Banking gamble: That fat yield on Bank of America stock

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Their merger with Bank of America Corp. now a done deal, Countrywide Financial Corp.’s shareholders won’t be getting much for turning in their stock in the next few days, as I’ve previously noted: BofA will swap just 0.1822 of a share for each Countrywide share.

But Countrywide’s investors will enjoy a whopping dividend yield on whatever BofA stock they get and keep. That is, they’ll enjoy it if BofA doesn’t join the growing list of banks that are slashing their payouts to conserve capital.


BofA’s annual cash dividend now is $2.56 a share. At Wednesday’s closing stock price of $26.61, that gives the stock a yield of 9.6%.

There are a lot of high-yielding bank stocks out there, as investors have hammered down the shares amid rising loan losses. But very few are yielding as much as BofA. Which, of course, is the strongest warning from the market that it doesn’t believe the dividend will be sustained.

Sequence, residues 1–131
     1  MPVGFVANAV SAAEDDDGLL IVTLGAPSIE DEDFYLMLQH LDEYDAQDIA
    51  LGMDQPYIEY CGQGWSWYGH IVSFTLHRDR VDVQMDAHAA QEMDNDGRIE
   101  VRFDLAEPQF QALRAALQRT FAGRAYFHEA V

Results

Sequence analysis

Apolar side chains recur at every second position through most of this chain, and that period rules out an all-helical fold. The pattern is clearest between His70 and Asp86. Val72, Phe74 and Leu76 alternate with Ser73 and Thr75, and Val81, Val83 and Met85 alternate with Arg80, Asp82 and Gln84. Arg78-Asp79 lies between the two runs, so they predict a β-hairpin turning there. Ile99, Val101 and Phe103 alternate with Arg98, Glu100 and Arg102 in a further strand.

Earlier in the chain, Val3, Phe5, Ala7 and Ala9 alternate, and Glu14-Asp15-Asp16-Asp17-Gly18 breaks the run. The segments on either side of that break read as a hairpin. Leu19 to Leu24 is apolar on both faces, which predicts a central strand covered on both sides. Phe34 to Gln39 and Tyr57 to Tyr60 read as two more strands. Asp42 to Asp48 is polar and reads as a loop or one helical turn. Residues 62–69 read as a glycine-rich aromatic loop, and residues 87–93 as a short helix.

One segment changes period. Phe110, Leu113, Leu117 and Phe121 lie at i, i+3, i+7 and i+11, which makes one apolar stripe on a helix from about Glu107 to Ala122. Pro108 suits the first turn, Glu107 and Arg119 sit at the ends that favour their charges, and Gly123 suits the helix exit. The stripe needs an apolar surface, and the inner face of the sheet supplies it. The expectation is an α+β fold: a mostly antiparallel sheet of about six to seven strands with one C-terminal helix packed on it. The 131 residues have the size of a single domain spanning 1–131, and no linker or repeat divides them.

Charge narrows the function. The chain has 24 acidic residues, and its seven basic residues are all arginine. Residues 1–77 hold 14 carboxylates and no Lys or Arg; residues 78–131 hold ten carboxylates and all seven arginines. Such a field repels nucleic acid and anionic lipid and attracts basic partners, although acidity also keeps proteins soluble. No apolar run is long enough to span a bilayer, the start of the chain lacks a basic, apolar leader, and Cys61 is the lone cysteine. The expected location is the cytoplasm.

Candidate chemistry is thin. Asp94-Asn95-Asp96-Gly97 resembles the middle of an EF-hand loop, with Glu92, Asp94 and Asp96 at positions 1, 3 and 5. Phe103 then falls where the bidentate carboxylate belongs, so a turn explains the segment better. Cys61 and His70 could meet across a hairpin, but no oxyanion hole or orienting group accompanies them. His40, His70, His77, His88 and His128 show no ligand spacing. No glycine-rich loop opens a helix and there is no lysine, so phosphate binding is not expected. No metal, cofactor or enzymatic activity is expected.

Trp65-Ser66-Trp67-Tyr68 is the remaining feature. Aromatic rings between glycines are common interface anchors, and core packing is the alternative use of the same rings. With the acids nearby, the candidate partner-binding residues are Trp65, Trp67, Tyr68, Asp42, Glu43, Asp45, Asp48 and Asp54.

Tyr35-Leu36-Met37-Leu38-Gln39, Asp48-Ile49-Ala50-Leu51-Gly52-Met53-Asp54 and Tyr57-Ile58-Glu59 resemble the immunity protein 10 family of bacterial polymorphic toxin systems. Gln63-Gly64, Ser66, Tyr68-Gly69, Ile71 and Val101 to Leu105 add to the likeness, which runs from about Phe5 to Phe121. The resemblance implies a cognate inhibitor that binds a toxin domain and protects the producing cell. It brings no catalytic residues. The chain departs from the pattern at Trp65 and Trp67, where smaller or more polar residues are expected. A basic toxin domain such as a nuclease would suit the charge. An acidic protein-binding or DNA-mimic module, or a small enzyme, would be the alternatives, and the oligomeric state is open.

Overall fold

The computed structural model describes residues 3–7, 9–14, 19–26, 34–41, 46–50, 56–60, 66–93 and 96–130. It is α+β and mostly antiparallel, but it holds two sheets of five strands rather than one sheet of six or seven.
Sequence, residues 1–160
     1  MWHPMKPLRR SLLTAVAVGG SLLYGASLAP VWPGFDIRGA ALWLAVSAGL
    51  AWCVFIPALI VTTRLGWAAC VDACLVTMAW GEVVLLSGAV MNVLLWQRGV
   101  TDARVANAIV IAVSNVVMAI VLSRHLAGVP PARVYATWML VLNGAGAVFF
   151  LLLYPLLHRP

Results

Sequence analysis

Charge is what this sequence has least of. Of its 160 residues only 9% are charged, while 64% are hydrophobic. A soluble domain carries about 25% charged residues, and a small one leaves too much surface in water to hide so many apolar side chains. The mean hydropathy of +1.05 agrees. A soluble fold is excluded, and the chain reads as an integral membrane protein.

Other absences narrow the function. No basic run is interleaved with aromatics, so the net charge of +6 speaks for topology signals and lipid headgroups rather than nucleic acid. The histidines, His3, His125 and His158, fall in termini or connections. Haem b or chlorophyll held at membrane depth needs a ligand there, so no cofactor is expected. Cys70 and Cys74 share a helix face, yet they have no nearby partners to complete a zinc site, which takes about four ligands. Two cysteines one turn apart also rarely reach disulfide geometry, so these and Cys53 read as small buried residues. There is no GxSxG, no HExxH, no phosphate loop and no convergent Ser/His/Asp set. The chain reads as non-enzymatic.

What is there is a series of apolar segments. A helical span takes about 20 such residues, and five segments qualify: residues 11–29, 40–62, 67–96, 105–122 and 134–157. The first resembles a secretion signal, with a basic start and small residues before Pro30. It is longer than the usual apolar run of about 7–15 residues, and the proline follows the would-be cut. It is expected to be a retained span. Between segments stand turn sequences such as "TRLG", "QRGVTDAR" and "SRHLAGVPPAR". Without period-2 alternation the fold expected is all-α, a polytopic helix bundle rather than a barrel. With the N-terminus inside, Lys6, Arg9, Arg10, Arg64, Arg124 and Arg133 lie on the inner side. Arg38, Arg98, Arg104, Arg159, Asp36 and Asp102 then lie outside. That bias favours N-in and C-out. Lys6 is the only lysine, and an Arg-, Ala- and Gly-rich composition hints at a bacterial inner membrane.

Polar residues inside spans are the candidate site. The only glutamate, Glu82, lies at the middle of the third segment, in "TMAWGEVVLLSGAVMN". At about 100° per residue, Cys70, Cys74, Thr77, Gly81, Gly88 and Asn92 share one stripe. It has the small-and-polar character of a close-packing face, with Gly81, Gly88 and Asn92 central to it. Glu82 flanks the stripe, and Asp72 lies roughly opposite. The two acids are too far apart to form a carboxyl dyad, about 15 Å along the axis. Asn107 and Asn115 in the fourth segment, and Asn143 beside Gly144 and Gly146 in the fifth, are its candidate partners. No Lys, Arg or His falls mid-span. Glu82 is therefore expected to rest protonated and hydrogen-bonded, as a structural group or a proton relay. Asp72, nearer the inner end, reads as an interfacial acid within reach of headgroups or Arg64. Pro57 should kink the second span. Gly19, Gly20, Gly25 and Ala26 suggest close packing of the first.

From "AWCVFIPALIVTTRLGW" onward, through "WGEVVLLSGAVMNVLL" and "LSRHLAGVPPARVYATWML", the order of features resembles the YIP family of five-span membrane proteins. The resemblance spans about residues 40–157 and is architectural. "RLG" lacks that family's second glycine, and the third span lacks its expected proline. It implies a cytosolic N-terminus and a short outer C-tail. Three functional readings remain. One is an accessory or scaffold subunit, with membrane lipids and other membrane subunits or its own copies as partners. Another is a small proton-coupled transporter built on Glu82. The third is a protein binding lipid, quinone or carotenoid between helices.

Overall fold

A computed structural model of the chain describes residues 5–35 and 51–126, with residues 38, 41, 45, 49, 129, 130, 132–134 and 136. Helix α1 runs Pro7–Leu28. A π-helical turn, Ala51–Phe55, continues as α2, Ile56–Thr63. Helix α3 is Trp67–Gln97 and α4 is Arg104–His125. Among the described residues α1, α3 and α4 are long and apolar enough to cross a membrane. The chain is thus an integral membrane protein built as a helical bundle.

BofA CEO Ken Lewis has said in recent months that he expected to maintain the dividend at its current rate, but he has qualified that by saying he wouldn’t rule out a cut if the economy worsened significantly and the bank’s loan losses deepened. So that’s not much of a commitment.

One big unknown, of course, is how much Countrywide will cost BofA in additional loan losses and potential legal settlements.

Yet with BofA shares down 35% since Jan. 1, Lewis has good reason to want to keep the dividend where it is: Payout cuts have enraged shareholders at other banks this year and helped cost some CEOs their scalps. One prominent victim was Ken Thompson, who was CEO of BofA’s arch-rival, Wachovia Corp., before he was ousted earlier this month.

Lewis may be asked about the dividend once more when he comes to L.A. on July 9 to deliver a speech to Town Hall Los Angeles. The title of his planned address is timely enough, given the Countrywide takeover: Lewis will speak on ‘Mending Our Mortgage Markets.’